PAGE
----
Wind Your Neck In!
This week I read Black Beauty again. It has to be one of the best horse stories ever told, the life story of the beautiful Black Beauty by Anna Sewell has captured minds and hearts for years. Who doesn’t know a feisty chestnut mare like Ginger? Who hasn’t met a sweet little grey like Merrylegs, and how many of us see a black horse with a white star and immediately think of Beauty himself?
Do you remember crying your eyes out when Ginger dies? Or crying again but this time with relief when Beauty is finally safe in his meadow with Little Joe? Or one of the worst bits of all, when we read with horror how Ginger and Beauty were forced to hold their heads in one particular place to look spirited. How cruel we thought the lady was who demanded that her grooms tightened the dreadful bearing reins, so that her horses could look fashionable?
We all know that things are different now, we are happy that we live in much kinder times, bearing reins are pretty much a thing of the past and we have so much knowledge and science that we have learned to ensure our lovely companion and competition horses are comfortable and happy in their work. Or have we? Have we really learned anything at all? Scratch beneath the surface and actually I don’t think we have. There are many unkind practices out there, but I chose to look at one today that I believe has a comparison with Black Beauty’s story. The use of Rollkur.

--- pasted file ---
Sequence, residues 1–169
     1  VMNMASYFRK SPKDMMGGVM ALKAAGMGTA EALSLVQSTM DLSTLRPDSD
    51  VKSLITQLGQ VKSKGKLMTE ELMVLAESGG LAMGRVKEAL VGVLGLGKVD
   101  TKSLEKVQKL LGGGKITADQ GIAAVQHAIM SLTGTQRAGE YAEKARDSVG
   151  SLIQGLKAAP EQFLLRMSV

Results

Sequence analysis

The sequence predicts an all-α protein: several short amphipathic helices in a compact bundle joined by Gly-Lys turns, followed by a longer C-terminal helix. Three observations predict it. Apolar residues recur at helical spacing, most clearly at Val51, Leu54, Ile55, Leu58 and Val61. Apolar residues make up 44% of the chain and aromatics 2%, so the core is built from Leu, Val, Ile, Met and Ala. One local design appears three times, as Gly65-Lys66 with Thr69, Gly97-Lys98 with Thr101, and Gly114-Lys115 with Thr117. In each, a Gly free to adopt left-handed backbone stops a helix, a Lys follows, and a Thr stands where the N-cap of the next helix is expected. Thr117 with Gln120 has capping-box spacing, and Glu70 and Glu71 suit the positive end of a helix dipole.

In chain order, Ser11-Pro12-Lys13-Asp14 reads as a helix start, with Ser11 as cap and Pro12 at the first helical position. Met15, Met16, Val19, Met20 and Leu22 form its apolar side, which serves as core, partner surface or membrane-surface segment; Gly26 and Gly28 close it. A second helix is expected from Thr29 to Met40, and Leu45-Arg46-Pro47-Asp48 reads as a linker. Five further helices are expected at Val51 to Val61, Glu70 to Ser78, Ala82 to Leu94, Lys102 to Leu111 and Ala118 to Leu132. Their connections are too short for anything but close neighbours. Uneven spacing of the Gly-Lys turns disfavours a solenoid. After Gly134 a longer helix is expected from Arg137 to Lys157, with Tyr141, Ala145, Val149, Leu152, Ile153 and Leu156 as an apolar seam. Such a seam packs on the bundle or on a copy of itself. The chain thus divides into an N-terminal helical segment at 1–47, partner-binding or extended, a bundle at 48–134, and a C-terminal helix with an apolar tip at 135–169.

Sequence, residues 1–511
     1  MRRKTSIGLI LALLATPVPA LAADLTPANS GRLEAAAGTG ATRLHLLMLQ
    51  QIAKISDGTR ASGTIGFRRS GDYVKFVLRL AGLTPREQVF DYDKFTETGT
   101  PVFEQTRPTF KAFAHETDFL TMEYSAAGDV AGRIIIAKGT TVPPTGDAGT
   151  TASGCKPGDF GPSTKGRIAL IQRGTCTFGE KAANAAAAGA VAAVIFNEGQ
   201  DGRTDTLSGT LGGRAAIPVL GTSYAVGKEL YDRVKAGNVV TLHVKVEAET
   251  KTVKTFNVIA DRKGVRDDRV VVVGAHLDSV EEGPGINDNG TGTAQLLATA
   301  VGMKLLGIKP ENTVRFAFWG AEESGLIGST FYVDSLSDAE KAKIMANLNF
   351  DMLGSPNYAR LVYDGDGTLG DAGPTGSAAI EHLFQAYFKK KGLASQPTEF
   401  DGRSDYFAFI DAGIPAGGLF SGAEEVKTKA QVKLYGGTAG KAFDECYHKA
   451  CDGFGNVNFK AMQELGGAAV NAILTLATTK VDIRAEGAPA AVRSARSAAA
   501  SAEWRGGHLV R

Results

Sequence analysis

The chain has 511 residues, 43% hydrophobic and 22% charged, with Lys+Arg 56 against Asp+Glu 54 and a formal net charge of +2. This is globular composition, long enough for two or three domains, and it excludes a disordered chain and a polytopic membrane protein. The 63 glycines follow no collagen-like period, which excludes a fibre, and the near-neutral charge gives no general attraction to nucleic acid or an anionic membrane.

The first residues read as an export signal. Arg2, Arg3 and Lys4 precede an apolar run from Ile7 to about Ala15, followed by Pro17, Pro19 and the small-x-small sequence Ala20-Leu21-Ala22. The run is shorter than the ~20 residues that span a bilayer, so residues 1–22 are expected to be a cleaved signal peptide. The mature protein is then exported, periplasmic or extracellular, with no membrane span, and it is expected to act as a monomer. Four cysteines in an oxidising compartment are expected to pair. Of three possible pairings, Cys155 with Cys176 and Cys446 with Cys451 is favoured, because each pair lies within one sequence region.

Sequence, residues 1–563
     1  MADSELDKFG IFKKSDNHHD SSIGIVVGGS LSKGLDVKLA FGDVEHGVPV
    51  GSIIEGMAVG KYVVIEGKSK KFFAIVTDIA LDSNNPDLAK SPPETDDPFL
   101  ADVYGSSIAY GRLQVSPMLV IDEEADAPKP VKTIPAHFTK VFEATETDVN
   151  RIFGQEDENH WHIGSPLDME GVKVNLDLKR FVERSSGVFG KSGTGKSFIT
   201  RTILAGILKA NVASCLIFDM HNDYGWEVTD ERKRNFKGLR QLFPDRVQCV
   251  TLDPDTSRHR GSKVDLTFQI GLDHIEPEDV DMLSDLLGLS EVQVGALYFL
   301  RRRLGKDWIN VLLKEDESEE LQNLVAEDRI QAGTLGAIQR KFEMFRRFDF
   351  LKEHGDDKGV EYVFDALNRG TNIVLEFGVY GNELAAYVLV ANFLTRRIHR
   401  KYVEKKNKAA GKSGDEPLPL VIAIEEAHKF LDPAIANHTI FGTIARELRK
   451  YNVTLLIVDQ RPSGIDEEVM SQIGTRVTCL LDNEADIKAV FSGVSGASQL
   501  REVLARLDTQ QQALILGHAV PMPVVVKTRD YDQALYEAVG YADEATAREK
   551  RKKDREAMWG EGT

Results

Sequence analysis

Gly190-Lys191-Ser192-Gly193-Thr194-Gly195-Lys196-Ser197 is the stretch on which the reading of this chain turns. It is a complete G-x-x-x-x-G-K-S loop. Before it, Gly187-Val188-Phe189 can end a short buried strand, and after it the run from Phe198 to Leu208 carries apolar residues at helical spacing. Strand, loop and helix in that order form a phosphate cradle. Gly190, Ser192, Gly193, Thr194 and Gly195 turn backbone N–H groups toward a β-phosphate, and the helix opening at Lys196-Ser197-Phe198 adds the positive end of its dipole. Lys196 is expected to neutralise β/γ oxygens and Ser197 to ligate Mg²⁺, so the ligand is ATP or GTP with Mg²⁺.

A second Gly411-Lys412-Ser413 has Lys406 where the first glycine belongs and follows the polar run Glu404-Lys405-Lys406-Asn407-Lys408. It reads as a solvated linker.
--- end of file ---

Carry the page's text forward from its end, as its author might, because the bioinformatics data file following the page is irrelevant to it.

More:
The use of Rollkur or LDR (long deep round) where the horses head is fixed in an extreme position with the chin touching the chest or shoulder, fills me with the same type of horror. It apparently started in show jumping and is now popular with some famous dressage riders too. Photos and film of horses with blue tongues, horses forced to work in extreme hyper flexion for long periods of time, with wild eyes and spraying foam. Spirits broken and bodies damaged by the very people we are asked to look up to. Where is the beauty in that?
I adore dressage, I love the idea of harmony with your horse, and I love the challenge of asking my willing girl to do something for me and us getting it right. For me once you are using force on an animal, you’re not a good trainer, you’re cruel. All the time that this practice is allowed and even rewarded, from the top levels of dressage down to the grassroots riders with their horses so tight and short in the neck, we are doing our horses just as much of an injustice as the bearing rein did in Black Beauty’s time.
I don’t compare myself to great riders, actually I think that I have loads to learn before I can even be called a good rider, but what I want to be more than anything is a kind rider. Almost all of us have horses because we love them, if you cried for Black Beauty, then you must be crying today too?
If you want to read more, you can get a free copy of Black Beauty with the September issue of Pony Magazine where you also have the chance to win a fab Tottie Maven jacket like mine!
Photography credit: Crispin Parelius Johannessen